China's future lies in innovative past | Shanghai Daily

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November 13, 2009

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China's future lies in innovative past

CHINA, which gave the world its first paper, printing, gunpowder and compass, is seeking to resume its historic glory as a nation of innovation.

As countries around the world pull back from the brink of financial collapse and seek new catalysts to revive business activity, innovation has returned as a buzz word in economic stimulus.

"Encouraging and subsidizing research and innovation is a favorite way for governments in developed countries to fight crisis," said Joe Hogan, chief executive officer of ABB, a power and automation technology company based in Switzerland.

Hogan, addressing the 21st International Business Leaders' Advisory Council earlier this month, advised Shanghai's mayor to reinforce efforts to encourage innovation.

"Governments aiming to produce long-term and structural advantages should stimulate the economy with measures such as tax benefits and subsidies for research and development, rather than more traditional channels, such as building roads and bridges," Hogan said.

Government funding

Many countries are already moving down that path.

The United States has unveiled a budget of US$147.6 billion for research and development next year, a record high for the world's biggest economy.

Japan, a pioneer in technological innovation, said its investment in new energy sources will rise to 115.6 billion yen (US$1.27 billion) in 2010 from 82 billion yen this year, and South Korea said it's planning to allocate 6 trillion won (US$5.12 billion) in the coming three years to develop alternative energies.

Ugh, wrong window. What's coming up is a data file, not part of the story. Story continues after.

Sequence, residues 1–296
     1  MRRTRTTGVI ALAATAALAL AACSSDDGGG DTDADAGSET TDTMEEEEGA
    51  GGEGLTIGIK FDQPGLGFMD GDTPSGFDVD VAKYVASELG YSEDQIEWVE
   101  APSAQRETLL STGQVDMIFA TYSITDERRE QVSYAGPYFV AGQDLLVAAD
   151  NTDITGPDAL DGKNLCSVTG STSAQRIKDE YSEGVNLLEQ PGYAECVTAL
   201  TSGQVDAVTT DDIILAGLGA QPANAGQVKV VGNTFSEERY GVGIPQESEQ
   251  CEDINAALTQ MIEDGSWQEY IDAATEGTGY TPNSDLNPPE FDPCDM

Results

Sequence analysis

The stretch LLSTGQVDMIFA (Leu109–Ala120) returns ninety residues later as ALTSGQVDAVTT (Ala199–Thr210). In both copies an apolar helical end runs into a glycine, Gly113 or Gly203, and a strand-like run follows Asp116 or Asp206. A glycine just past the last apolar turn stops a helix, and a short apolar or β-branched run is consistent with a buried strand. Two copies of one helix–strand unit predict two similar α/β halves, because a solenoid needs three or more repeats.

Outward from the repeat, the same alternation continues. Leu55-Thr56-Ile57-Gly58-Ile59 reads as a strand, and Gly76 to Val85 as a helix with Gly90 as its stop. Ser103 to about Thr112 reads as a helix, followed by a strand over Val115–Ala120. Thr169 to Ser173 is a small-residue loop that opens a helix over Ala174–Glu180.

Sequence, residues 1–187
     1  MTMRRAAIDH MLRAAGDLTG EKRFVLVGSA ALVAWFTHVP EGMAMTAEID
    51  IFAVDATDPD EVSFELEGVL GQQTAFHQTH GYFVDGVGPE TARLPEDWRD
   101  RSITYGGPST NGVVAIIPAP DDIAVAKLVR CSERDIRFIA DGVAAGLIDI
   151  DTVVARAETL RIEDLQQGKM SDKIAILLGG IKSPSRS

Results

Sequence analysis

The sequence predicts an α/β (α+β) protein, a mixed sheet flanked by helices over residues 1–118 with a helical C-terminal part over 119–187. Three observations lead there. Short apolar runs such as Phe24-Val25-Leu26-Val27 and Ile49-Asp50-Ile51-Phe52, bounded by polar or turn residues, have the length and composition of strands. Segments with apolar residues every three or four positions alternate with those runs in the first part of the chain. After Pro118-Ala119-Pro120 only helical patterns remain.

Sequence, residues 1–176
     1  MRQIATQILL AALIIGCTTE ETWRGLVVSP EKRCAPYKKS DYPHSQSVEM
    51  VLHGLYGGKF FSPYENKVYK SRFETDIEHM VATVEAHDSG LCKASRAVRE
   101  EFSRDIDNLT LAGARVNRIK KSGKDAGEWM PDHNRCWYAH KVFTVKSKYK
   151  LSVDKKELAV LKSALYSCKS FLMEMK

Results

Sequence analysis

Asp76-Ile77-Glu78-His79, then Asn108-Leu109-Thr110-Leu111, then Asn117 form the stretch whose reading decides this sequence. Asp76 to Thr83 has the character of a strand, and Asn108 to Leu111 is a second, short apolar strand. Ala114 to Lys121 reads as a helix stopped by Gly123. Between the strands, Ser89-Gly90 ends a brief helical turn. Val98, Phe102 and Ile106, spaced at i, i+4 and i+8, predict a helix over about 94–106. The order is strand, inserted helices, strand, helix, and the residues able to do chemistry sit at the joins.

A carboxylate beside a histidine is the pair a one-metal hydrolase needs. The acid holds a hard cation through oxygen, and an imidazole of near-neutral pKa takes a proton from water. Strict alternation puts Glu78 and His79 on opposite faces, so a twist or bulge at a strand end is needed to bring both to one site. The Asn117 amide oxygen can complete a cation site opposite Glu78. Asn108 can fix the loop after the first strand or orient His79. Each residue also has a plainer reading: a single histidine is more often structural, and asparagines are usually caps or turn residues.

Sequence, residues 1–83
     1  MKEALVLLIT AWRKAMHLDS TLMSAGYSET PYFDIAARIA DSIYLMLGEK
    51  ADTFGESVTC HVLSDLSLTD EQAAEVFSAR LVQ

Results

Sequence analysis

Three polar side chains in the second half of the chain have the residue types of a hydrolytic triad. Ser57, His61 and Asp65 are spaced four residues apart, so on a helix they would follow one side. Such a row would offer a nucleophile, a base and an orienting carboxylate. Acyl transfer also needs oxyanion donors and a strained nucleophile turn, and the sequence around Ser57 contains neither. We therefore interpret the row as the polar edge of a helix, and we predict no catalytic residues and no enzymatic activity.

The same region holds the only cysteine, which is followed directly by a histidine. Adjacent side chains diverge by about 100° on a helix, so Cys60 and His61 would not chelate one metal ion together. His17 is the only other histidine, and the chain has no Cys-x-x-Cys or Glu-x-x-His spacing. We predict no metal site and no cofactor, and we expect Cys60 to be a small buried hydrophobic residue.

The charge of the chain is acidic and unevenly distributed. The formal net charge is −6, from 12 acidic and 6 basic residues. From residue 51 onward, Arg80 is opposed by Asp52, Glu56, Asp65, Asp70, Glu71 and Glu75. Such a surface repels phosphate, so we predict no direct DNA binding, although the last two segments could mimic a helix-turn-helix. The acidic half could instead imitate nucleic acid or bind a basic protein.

China, the world's largest emerging economy, isn't sitting idly by.

The nation is looking beyond its economic reliance on cheap labor to develop a blueprint for growth based on science and technology.

Wan Gang, China's minister of science and technology, told a recent forum that technological innovation is fundamental to advance the nation's development.

"Competition in innovation for industries such as new energy, biotechnology, information technology, new materials and advanced manufacturing has become increasingly fierce," Wan said at the Pujiang Innovation Forum in Shanghai last month.

"China, like many other countries, will continue to support the expansion of these industries and enhance efforts to encourage domestically developed technology that lies at the core of China's future competitiveness," he said.

The central government has allocated 146.1 billion yuan (US$21.4 billion) for technological development this year, an increase of 26 percent from a year earlier. The level of funds to encourage innovation in strategic industries will grow more in the future, Wan said.

However, government funding has its limitations because of its non-entrepreneurial nature. Hogan suggested more efforts should be made in developing venture capital or private equity.